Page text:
From the Dean
An innovative and compelling new component of our curriculum for first- and second-year medical students, the Family Centered Experience pairs students with volunteer patients and their families from the local community. The program reinforces the underlying tenet of medical education today: the patient exists in a social context, a context critical to understanding illness and delivering effective health care.
In a wonderfully generous gesture, patients and their families open their homes and lives to our students for two-year periods, providing students with firsthand insight into how factors like beliefs, culture, gender, lifestyle and socioeconomic status affect understandings of disease and its remedies.
Within this intersection of education and personal experience, students interview patients in their own surroundings about their medical experiences and even accompany them on medical appointments. Students witness the often rushed, sometimes inadequate communication between patient and physician. They encounter the difficulties patients experience in getting to their appointments: transportation and child care arrangements, taking time off work. They see the effects of health insurance, and how important and meaningful the support of family and friends can be. These physicians-to-be come to understand how chronic conditions and serious illnesses impact patients and those close to them, and how patients navigate the complex maze of clinics, medical tests and other health care procedures.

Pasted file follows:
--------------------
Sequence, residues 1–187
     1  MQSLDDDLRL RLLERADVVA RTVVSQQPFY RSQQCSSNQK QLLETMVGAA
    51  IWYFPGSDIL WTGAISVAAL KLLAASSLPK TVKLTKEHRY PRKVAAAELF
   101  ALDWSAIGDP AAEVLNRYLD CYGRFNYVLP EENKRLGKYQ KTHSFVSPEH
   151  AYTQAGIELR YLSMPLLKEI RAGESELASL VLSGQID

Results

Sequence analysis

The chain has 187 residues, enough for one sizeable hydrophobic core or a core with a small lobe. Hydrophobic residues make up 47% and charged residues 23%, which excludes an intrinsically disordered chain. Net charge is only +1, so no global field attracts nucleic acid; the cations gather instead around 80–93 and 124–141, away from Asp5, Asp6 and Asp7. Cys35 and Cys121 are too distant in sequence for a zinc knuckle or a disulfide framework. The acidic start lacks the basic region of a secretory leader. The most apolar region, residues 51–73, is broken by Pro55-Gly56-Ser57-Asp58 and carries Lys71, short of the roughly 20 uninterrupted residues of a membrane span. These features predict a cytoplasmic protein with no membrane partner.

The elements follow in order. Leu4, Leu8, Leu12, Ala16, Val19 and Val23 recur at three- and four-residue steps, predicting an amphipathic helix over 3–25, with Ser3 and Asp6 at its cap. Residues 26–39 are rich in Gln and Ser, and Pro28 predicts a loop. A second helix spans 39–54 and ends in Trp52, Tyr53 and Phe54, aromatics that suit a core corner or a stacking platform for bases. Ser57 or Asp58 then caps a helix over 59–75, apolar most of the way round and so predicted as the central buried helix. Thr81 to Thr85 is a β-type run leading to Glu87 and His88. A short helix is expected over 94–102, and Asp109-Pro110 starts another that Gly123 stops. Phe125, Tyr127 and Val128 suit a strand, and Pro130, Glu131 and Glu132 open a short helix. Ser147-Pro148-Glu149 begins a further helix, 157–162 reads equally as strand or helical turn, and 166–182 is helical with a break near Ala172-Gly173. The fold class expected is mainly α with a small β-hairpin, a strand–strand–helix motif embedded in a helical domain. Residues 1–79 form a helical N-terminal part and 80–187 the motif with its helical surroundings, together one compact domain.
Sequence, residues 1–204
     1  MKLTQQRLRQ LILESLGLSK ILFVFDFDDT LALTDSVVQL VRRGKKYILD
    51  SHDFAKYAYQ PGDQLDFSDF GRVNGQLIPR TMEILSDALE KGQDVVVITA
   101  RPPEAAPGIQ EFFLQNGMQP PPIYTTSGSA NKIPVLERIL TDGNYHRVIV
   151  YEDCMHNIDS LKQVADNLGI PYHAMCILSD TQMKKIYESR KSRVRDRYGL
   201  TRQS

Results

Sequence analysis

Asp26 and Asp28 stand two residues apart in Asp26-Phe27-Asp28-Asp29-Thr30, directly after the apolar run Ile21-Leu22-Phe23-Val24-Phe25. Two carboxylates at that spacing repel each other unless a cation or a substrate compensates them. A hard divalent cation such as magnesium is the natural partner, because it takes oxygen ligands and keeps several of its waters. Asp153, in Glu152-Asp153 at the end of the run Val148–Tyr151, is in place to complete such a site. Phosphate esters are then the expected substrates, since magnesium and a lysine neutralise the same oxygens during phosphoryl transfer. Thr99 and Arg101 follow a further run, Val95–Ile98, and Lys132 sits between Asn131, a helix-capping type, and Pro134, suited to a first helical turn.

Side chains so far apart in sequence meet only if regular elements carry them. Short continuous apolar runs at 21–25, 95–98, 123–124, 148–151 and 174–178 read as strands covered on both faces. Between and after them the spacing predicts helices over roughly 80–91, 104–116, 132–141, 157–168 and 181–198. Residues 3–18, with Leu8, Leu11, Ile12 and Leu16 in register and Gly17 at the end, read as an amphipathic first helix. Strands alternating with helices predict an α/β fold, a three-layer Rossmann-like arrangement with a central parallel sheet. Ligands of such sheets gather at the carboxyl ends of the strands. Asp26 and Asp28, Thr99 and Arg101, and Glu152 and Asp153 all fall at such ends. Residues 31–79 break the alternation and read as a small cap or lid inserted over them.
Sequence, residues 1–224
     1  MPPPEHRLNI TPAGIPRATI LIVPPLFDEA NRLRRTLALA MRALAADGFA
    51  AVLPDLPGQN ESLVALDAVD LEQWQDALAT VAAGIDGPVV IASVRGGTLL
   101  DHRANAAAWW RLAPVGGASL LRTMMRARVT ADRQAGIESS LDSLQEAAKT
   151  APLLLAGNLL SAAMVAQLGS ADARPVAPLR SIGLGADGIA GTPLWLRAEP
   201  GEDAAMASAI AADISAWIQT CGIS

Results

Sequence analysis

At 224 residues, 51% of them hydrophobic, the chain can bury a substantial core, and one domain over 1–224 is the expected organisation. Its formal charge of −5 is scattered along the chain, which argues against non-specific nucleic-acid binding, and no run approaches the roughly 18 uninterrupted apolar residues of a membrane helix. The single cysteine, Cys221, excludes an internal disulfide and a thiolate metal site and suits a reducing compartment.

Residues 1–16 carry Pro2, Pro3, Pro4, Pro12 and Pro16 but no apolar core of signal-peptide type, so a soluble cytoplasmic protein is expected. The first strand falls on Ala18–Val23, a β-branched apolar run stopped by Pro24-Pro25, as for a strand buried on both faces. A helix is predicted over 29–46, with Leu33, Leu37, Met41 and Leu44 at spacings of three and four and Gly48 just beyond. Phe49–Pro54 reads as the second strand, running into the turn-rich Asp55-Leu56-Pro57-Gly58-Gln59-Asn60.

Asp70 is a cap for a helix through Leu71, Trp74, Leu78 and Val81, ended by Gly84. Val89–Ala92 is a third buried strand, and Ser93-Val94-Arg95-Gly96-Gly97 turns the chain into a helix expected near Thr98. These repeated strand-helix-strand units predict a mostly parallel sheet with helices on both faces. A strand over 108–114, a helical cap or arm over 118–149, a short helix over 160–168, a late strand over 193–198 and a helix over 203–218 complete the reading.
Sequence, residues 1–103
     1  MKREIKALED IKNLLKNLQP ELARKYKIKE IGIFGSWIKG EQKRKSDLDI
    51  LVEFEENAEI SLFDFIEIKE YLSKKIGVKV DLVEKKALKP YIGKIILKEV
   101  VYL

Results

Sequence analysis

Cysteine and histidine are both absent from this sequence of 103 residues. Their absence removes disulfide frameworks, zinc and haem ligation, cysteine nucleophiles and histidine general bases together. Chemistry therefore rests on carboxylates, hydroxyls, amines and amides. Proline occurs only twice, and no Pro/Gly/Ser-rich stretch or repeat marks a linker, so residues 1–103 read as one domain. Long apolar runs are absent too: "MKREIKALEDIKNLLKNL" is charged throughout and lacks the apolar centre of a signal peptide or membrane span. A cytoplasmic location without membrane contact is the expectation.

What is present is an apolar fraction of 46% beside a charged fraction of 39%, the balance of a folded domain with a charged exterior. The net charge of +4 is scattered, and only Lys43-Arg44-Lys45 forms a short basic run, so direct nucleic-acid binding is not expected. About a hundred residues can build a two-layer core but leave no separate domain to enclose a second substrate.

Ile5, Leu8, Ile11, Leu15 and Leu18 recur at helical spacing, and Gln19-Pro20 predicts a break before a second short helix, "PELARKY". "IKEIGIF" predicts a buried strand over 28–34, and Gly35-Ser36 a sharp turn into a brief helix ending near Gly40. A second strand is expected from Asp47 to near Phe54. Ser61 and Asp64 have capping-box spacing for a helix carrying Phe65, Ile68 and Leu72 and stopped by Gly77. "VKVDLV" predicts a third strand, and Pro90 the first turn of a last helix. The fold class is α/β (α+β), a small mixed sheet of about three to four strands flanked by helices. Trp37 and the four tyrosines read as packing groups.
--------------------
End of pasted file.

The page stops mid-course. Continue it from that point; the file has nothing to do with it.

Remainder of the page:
Social contexts can vary tremendously from patient to patient, and variations in these contexts can influence health and health care. Back in the classroom, students share stories of their unique experiences, stories which enrich and broaden their perspectives.
For those volunteers who welcome students openly into their lives, we at the Medical School feel a great deal of gratitude and good fortune. The Family Centered Experience is one of those creative innovations that bring the Michigan difference solidly to bear on medical education at this university.
Allen S. Lichter (M.D. 1972)
Dean, U-M Medical School
Newman Family Professor of Radiation Oncology